Contemporary representations of Chinese and Mexican women reproducing at alarming rates signal anxieties around racialized alien sexuality, unvirtuous mothers, as well as impure and infectious “anti-citizens.” As such, the fetus of “undocumented mothers” become symbolic of populations that have yet to merit 'the gift of freedom'/the gift of citizenship.
Asian American feminist scholar Mimi Nguyen has described 'the gift of freedom' as an assemblage of liberal political philosophies, regimes of representation, and structures of enforcement that measure and manufacture freedom and its others. Nguyen’s theorization assists in assessing the systems that regulate which racialized populations merit freedom/citizenship; particularly methods of enforcement allowing for the surveillance of women and children considered racially undesirable within the nation—their devotion and love of the nation called into question long before their birth.
The targeting of Mexican and Chinese women has long been the focus of Asian American and Chicana/Latina feminist scholars and bloggers engaged in producing a rebuttal that historicizes the legacy of colonization, the impact of 19th Century U.S. expansion, and discourses of deviant and unassimilable mothers and children.
As such, blogger Jenn Fang has reminded readers on the Asian-American blog Reappropriate that,
Since Asian American women first set foot on American soil, we have been smeared with the presumption that we are a sexual and reproductive threat to America. Nearly a decade before the passage of the 1882 Chinese Exclusion Act, Chinese women were popularly decried as "undesirable" on the presumption that we were all diseased, morally bankrupt prostitutes who preyed on White men and their families. Using this anti-Asian sexism, we were barred from entry into America by the Page Act of 1875.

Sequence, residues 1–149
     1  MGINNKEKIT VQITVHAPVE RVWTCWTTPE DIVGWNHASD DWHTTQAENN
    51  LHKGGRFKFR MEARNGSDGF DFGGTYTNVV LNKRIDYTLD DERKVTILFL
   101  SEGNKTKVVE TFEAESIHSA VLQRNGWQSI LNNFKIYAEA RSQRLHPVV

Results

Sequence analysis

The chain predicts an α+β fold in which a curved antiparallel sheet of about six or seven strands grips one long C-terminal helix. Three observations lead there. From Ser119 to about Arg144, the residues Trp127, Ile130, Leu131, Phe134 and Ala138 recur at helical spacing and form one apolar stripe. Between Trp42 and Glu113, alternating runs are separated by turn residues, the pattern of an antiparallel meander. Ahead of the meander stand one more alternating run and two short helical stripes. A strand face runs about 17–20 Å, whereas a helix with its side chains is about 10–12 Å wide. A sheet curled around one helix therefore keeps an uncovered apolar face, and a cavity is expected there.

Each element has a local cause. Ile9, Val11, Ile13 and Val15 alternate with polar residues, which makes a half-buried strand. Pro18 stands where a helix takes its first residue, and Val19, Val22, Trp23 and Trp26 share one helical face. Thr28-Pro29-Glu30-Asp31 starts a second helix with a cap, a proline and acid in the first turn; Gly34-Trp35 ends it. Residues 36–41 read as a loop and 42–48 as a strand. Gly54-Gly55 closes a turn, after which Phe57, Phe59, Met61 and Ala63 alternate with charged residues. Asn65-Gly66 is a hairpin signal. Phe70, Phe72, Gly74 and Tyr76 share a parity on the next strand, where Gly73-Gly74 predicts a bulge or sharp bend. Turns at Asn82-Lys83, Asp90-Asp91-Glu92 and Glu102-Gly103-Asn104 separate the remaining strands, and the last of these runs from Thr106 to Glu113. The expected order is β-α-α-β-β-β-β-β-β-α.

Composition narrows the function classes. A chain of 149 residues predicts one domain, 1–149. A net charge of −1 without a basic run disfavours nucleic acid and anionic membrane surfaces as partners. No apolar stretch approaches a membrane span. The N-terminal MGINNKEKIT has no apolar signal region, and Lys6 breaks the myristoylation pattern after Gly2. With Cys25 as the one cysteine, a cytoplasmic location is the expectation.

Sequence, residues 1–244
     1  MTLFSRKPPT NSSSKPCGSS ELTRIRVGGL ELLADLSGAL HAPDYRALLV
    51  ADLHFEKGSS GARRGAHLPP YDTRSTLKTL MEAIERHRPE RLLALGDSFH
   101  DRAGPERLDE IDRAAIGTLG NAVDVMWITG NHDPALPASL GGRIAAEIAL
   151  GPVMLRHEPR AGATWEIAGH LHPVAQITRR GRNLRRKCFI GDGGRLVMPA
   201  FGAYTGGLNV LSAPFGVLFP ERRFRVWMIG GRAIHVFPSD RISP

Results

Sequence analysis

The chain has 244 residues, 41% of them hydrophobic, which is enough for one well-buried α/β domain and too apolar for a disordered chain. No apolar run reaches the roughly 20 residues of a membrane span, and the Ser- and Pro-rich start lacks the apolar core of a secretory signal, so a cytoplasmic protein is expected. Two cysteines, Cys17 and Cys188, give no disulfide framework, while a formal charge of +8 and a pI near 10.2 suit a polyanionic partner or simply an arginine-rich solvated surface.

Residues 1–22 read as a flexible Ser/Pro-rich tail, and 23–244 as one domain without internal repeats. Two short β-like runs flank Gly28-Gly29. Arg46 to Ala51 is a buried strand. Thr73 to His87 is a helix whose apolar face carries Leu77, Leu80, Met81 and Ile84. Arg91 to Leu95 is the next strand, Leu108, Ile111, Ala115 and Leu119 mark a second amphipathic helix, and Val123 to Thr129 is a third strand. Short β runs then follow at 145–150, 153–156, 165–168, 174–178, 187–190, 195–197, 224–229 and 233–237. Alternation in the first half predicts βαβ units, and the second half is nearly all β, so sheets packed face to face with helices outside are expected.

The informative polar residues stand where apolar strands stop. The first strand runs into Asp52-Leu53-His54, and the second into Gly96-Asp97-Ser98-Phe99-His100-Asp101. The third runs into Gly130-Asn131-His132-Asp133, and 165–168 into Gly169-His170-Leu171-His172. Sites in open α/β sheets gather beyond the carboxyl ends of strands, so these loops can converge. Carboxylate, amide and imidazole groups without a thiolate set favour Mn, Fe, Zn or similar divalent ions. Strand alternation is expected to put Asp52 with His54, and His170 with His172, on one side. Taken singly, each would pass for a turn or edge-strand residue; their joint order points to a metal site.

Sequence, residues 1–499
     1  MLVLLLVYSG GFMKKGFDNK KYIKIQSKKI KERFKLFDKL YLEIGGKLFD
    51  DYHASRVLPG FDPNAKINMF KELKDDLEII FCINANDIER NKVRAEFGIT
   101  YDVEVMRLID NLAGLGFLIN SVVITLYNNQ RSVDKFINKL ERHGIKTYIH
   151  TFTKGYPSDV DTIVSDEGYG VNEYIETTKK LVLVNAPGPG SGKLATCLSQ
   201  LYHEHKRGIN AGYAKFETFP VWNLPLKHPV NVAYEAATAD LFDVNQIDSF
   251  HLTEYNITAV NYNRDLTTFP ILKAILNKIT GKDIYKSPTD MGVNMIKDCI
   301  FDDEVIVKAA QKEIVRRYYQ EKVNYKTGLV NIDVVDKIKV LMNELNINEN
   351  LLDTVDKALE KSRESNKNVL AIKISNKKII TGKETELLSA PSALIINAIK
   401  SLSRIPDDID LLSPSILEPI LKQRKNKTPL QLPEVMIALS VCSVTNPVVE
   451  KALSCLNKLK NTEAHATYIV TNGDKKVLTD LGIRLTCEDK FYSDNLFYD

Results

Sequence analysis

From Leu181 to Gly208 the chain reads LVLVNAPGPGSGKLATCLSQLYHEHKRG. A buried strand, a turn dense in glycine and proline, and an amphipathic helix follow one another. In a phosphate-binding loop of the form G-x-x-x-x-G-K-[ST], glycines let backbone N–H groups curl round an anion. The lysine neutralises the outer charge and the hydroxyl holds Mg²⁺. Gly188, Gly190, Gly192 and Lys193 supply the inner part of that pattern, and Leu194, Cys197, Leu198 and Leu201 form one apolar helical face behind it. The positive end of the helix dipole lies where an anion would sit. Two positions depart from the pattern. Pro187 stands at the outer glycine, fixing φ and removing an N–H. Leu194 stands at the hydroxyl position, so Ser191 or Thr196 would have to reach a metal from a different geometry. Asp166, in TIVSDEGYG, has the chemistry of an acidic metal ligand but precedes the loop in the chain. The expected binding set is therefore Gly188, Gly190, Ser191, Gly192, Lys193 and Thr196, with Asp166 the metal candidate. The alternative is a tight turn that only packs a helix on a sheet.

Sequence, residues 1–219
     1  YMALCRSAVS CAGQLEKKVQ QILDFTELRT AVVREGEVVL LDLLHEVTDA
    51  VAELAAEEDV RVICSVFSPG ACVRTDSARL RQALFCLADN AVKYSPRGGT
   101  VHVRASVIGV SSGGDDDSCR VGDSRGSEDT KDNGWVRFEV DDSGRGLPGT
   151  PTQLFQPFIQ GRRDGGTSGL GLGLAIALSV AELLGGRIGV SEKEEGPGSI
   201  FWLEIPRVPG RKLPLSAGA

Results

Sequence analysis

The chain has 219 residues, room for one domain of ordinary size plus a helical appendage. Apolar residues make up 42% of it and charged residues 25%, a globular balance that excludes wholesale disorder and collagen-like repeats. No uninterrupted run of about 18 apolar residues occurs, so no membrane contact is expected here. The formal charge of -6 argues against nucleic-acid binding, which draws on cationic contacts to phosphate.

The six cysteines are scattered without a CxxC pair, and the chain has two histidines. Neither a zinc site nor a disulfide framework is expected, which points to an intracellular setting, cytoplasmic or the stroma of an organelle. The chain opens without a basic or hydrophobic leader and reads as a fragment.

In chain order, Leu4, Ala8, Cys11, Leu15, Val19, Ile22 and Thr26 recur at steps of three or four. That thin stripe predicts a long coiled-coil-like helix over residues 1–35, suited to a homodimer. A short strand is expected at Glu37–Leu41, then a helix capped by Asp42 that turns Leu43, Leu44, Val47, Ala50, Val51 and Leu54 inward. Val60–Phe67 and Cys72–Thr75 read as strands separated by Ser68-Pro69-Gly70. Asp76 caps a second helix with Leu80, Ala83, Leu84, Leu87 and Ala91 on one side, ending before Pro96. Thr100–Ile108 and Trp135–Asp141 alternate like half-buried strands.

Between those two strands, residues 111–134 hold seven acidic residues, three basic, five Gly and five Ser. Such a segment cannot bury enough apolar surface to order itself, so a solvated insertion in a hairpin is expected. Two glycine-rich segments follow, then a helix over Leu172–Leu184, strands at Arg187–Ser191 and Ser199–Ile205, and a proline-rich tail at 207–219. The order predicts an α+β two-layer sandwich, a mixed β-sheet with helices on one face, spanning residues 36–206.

And, Nicole Guidotti-Hernández has long argued that the term “anchor baby” frames the Latina body as “uncontrollable” in its reproduction, and criminalizes women for having children.
Chinese and Mexican women have historically been at the center of debates on denial of citizenship rights to Asian and Latinx children—whom in utero and as newborns have been framed as undeserving lawbreakers, unsuitable for citizenship. The representations used to convey that mothers and their babies are incapable of holding affection for the nation has in turn naturalized draconian policy measures that serve to socially engineer the national body.
Nguyen, Mimi Thi. The gift of freedom: War, debt, and other refugee passages. Duke University Press, 2012.